Jesse’s book review – Counting Grains Of Sand by Hiromi Tsuchida
Jesse is back with the latest book review and it is a personal favourite of mine. I hope you enjoy it as much as I do.
There has been no photographer that I have come across who through a number of techniques and approaches managed to metaphor their country’s social-economic direction like Hiromi Tsuchida. Capa’s career spanned five wars, Cartier-Bresson’s travels defined eras, and Freindlander’s constant change in direction was an individualistic exploration. Even with that there were Japanese photographers whose photography depicted specific periods from Doman to Kitai, yet none did it through so many progressions as Tsuchida did.
His life’s work can roughly be complied into seven distinct works, five of which I will explain here as they relate to the thesis of Tsuchida’s art as a metaphor for Japan’s direction. His first work Zokushin: Gods of the Earth was shot between 1968-1975. Like other photographers at the time, and incidentally novelist too, there was a need to reaffirm what it meant to be in Japanese in the fury of rapid social-economic growth. All subjects where approached here and shot with a level of familiarity that wouldn’t be visited again. Counting Grains of Sands then becomes his second major work. This could be viewed as an antithesis to Zokushin as we find Tsuchida moving away from the individual and traditional in favor of the crowd in a modern context. Shot primarily in Tokyo from 1975-1985, this work comes at a time when the Japanese population was now over 100 million and losing its rural identity in favor of mass urbanization. These crowds are shot at a peculiar distance where faces and expressions can always be made out. The third work of his are all shot at parties in Tokyo shot between 1980-1990; precisely at the height of Japan’s economic bubble. It was time to celebrate which he literally chose to depict here shooting only at high society parties. In a sort of ironic return to form the distance to his subjects is similar to that of his first work. He would come full circle revisiting his first two works, first with New Counting Grains of Sand shot going into the new millennium. These photos were all shot in color and are shot at an even further distance than the first Counting Grains so faces can no longer be made out and the people take on ant like proportions in their daily toils. Here the images actually do make the subjects look like grains of sand, and to even play on the technology of the times as he digitally inserted images of himself in the each photo pushing the limits of the technology or really exploring the possibilities of technology with this sort of Where’s Waldo concept. Coming full circle Zokushin is revisited in his work Zokushin: Gods of the Earth, Continued. This series consists of studio portraits shot in color. The costumes of various regional Japanese festivals are the focus of this work.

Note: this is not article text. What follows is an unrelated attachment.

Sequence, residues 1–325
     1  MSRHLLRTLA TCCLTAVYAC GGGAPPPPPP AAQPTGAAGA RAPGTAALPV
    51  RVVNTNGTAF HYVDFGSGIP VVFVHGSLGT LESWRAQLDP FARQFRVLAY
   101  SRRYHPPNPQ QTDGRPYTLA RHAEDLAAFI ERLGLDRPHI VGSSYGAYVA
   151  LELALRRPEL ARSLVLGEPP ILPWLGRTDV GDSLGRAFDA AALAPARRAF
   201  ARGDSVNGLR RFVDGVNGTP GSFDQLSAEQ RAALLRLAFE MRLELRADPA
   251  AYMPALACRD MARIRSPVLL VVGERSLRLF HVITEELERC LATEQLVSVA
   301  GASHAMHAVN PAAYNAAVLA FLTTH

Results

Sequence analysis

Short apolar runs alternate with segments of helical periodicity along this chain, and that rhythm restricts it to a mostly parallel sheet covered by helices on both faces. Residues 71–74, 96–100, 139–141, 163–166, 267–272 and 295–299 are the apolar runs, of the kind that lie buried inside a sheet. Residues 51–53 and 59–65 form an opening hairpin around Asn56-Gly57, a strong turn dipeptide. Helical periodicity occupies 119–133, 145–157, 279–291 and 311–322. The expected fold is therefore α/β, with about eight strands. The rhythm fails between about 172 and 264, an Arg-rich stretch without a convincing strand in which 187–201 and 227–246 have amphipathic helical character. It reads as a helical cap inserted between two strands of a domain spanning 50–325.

With this understanding, Counting Grains of Sand will be the focus for the rest of this review. This book was actually given to me by John Sypal along with two other books at the time. I flipped through the book briefly saw the crowds and sadly never really gave it much more thought. I saw a post from Michael Tan who had a status update thanking John for recommending Zokushin which reminded me I too had the photographer’s work. After really sitting down and examining the book I think my initial disinterest stemmed from the fact that this work is actually quite hard to get. What I mean is there essentially is no point of focus in any one of these photos that contain so much information; instead there are only question marks. Today we desperately need and look for meanings in everything and instead what he gives us is life as it is which quite existentially he leaves it up to us to find out our own meanings. Typically juxtapositions would be used or extremes in distance to either bring us closer or distance us so far that it takes context, but here at this mid distance compositionally we are left with little meaning. Our eye has us wondering from each face which to me only brought up the quote from French film director Jean Renoir, “the ugly thing about life is that everyone has his own reasons.” We see these transitory collectives with no unifying factor each has their own reasons for why they are gathered and a suitable facial expression to match.